An official website of the United States government
Here's how you know
A .mil website belongs to an official U.S. Department of Defense organization in the United States.
A lock (lock ) or https:// means you’ve safely connected to the .mil website. Share sensitive information only on official, secure websites.

From Son To Shipmate

Father and son proudly serve together

by Mass Communication Specialist 3rd Class Zackary A. Landers, USS Carl Vinson Public Affairs
06 July 2016 For some, a family legacy of military service is a historical connection, with today's service members carrying on the tradition from a relative who may have served during World War II or before. Others serve proudly having grown up in a military family, experiencing firsthand the rewards and trials of service with honor.

Very few have the opportunity to stand alongside those whose tradition they further.

As USS Carl Vinson (CVN 70) conducts operations with Strike Fighter Squadron (VFA) 122 Flying Eagles, Aviation Structural Mechanic (Safety Equipment) Airman Jaylen Carter has the chance to do just that. Carter is the son of Senior Chief Aviation Boatswain's Mate (Handling) Alfonso D. Sosa, Carl Vinson's night aircraft handling officer. Both Sailors are Brooklyn, New York, natives.

Seeing my dad on that first day up in the tower was definitely crazy. I never imagined we would be on the same ship." - AMEAN Carter

Carter said he decided to join the military in his junior year of high school. While his father always told him the military was an option, Carter said he never forced the issue.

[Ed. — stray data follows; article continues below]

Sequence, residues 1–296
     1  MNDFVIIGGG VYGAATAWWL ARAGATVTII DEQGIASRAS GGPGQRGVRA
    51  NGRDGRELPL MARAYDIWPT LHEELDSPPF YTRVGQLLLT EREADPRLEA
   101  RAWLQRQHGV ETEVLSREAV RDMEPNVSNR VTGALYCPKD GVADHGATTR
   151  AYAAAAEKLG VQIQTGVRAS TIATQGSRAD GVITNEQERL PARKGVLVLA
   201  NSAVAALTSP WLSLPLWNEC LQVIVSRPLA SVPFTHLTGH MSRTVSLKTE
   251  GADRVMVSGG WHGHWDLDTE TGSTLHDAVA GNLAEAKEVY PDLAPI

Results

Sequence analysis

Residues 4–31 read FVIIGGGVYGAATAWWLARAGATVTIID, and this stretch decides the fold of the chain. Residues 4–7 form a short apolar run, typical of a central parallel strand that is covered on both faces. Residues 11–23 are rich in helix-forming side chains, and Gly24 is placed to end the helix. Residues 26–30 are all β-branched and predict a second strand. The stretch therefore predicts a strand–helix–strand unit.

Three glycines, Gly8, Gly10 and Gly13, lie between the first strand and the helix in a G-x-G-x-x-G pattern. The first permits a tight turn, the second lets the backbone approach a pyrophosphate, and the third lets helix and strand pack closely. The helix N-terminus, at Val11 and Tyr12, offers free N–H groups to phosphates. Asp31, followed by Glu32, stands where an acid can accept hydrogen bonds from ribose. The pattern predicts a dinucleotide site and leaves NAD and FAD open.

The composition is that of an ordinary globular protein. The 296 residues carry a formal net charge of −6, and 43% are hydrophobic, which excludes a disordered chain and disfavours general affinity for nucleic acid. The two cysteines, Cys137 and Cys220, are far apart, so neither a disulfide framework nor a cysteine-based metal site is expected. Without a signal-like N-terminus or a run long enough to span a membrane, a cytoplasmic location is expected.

"The military was always there for me, and I've seen my dad and I know what to expect," said Carter. "It's been a part of my life for so long and it just seemed like the right route to go."

Carter added that serving alongside Sosa allowed him to see the "senior chief petty officer" side of the man he's always known as "Dad."

"I get to see him in action, he gets to see me in action," said Carter. "For both of our jobs to come together like that is really cool."

For Sosa, service with his son has allowed him to see the boy he raised as a grown man.

"It makes me proud," said Sosa. "Now, I see him working and conducting himself in a professional environment and I don't see a child anymore. I see a grown man doing his job and defending his country."

Sosa said that just as he takes pride in the success of the Sailors he mentors, he is filled with pride as he sees his son leading others and living the values by which he was raised. Sosa went on to say that seeing Carter around the ship brings a feeling of home to a place where, while out to sea, shipmates serve as family.
VIRIN: 160706-N-OQ305-001

"Having my son here actually brings back a piece of home," said Sosa. "It's hard to explain, but it's a good feeling to be able to get away from work and sit down and say 'Hey Son, how are you doing?'"

While Sosa and Carter are enjoying their time serving together, Sosa said it might not be long before another member of the family puts on the uniform for the first time.

"I have another son who is 18 and just graduated high school telling me he is headed over to take the Armed Services Vocational Aptitude Battery (ASVAB) and plans on joining as well," said Sosa. "He tells me he definitely wants to be on the aviation side. It makes me feel proud."

Sosa credits his sons' interest in the Navy with his positivity and true love of his job. He said that by seeing him happy and enjoying his work, he gave them a positive image of the Navy throughout their childhood.

"It tells me that they see what I've done and take pride in it also," said Sosa. "They are choosing to follow in my footsteps, but I want them to make their own footsteps and walk their own path. In the end, I want them to be the men they want to be, and above all, I want them to be honorable."

That honor would no doubt be an inherited trait.